A PARADIGM OF EARTH
Candas Jane Dorsey
Tor Books / 368 pages / (October 2001)
The market is filled with “first contact” stories and the best of these have one important thing in common: they teach us more about ourselves than any other type of fiction can. Of the aliens outside Earth’s atmosphere, all any of us can do is guess. Of the aliens among us, we can do far more than we have to understand and accept. Authors have made an attempt at bridging that gap; few have done it as perceptively and deftly as Candas Jane Dorsey has in this ground-breaking novel.
Imagine if the first aliens to walk among us didn’t come in conveniently labelled packages, the kind of clear-cut models our more narrow-minded citizens can handle comfortably. What if, instead, they were as maddeningly non-partisan and as sexually ambiguous as some of our own “troublemakers” here on Earth? Even worse, what if these rare and precious aliens were introduced to humanity by some of the least mainstream of our people? There would be no way to control the aliens or their hosts. Horrors!
In A Paradigm Of Earth North America’s alien visitor chooses to remain with the one human it feels close to. This puts the alien snugly into a nest of sexually and politically “free thinkers” — people who tread the thin line between undesirable and outlaw in an increasingly conservative society. In such an atmosphere, the visitor is being exposed to the very segment of the populace that those in power want to crush. A being with no discernible biological sex is bound to get in trouble amongst such dissidents. Maybe that is why it’s the perfect place for the alien to come of age.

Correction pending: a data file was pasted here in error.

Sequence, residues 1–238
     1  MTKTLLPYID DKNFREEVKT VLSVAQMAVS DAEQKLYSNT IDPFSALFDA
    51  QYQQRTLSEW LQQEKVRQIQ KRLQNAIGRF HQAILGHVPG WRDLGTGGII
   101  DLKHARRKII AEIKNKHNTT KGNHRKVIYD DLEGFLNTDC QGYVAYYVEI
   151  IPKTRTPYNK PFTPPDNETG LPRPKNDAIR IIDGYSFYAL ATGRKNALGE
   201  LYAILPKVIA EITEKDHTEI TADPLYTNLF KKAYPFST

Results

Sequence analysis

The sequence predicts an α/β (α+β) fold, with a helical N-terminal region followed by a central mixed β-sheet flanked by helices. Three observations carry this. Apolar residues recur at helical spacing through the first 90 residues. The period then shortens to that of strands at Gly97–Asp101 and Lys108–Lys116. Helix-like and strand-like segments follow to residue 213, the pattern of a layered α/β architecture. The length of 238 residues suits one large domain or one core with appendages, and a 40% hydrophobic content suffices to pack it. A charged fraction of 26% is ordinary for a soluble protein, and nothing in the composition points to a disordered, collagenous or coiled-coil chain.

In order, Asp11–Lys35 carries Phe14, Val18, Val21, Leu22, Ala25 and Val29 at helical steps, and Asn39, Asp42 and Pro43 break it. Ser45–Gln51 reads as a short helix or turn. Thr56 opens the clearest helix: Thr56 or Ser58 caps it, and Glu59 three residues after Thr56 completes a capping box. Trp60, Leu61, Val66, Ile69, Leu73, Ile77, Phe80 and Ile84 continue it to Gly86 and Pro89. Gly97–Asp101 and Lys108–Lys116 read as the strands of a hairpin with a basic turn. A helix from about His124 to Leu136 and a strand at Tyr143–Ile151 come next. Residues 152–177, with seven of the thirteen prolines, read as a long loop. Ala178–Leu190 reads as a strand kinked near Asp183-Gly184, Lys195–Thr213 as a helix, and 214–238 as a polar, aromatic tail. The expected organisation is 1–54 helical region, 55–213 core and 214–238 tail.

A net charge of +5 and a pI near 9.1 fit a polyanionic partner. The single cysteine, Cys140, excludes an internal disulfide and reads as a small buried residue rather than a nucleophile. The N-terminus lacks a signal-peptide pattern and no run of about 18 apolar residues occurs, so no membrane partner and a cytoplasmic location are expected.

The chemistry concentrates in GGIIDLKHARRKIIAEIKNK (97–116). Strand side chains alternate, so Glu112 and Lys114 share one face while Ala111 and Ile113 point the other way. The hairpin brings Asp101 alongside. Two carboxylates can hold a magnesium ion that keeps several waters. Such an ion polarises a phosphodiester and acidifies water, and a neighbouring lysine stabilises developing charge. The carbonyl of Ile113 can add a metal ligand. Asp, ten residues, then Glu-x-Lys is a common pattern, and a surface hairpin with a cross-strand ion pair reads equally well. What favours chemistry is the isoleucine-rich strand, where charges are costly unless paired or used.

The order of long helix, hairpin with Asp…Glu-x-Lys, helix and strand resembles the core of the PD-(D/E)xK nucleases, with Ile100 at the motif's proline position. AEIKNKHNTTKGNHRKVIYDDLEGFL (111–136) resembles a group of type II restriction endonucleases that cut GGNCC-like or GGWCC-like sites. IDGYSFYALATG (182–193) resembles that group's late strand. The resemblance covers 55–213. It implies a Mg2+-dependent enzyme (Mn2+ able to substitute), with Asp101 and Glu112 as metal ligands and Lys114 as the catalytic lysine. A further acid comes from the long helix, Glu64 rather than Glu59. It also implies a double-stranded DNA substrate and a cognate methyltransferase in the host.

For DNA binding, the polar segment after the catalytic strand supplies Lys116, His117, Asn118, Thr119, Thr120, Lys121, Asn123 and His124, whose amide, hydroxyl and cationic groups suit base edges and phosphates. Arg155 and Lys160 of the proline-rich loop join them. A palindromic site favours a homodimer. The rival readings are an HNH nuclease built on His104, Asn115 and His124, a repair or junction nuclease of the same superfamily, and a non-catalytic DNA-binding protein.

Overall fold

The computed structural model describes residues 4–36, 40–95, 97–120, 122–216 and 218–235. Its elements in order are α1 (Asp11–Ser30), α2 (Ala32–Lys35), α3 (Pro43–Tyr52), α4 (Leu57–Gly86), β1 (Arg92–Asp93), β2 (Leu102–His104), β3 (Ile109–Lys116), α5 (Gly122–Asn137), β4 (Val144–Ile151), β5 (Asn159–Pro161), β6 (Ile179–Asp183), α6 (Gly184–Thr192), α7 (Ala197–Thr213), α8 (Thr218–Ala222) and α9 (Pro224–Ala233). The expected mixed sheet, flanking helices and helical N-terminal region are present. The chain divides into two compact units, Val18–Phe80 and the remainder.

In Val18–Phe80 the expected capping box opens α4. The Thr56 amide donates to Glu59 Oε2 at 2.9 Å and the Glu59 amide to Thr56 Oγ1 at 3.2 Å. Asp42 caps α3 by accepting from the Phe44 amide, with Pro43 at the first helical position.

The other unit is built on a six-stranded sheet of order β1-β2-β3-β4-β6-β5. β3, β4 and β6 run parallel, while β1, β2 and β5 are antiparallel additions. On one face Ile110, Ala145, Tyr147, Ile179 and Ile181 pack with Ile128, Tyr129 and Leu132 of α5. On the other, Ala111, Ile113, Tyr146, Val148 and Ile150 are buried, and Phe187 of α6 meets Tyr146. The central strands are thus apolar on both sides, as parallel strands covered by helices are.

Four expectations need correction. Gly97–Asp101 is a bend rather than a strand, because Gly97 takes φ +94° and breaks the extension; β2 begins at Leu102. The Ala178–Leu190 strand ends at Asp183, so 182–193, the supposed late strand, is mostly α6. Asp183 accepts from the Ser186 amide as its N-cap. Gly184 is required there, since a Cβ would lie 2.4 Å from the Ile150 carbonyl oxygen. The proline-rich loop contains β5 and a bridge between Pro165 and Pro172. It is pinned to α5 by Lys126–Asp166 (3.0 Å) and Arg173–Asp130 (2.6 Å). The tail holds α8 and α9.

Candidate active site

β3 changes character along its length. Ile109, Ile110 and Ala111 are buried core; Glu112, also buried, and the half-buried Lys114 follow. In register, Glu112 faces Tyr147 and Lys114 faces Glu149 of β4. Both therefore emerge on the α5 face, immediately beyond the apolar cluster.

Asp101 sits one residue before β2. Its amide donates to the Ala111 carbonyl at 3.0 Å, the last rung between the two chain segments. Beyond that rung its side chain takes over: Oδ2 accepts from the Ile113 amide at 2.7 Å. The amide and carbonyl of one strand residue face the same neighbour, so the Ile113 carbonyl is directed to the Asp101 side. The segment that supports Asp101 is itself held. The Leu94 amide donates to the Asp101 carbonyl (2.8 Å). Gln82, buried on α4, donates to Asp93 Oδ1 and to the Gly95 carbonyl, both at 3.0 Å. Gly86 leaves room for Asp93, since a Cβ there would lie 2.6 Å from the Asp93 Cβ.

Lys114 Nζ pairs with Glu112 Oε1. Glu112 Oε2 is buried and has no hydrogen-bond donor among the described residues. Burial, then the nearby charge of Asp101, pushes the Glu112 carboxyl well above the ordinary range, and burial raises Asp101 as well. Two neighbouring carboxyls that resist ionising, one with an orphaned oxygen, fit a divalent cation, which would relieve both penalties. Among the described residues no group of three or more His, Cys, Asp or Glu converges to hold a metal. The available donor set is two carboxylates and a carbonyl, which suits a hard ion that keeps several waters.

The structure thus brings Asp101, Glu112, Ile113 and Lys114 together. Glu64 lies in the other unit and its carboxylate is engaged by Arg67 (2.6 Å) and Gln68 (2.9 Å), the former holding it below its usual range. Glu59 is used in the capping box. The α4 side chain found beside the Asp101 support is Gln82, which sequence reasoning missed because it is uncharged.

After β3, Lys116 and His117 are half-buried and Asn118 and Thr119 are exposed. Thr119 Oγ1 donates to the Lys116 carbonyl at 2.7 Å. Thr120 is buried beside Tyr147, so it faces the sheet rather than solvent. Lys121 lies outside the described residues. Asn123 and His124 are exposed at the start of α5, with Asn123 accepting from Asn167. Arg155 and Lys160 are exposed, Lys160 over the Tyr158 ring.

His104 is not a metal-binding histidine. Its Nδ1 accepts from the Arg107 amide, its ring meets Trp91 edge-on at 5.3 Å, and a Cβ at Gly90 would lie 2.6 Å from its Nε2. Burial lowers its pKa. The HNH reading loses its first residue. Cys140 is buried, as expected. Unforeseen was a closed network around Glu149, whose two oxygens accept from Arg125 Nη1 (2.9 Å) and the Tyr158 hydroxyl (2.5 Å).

The question of an adult’s sexual preference has always been an uncomfortable topic for many people. There are always individuals and groups ready to impose their belief system on those they disapprove of. It isn’t difficult or reassuring to envision a future where anything other than heterosexuality would be censured to the point of being illegal — not that some areas of the world aren’t there already, but we like to think of ourselves as modern, enlightened people.
A Paradigm Of Earth brings light to perhaps the least understood and explored position on the sexuality scale: the reality of the bisexual. As the alien and a household of rule-breakers work through the questions posed by this unique situation and the uncertain territory of their every day lives, readers will get the best portrayal of bisexuals ever to come to print. Certainly, it is a landmark in the literary treatment of this group. Chances are good that you will gain a little more comprehension, and — if it isn’t too much to hope for — a touch of empathy by the end of A Paradigm Of Earth.
A fresh look at the nature of what may be out there and those that are already among us? It’s a huge task to ask of a novel or novelist, but A Paradigm Of Earth pulls it off in a dazzling, entrancing fashion. And, somehow, Dorsey gives off the impression that it is all so easy. Isn’t that a definition of genius?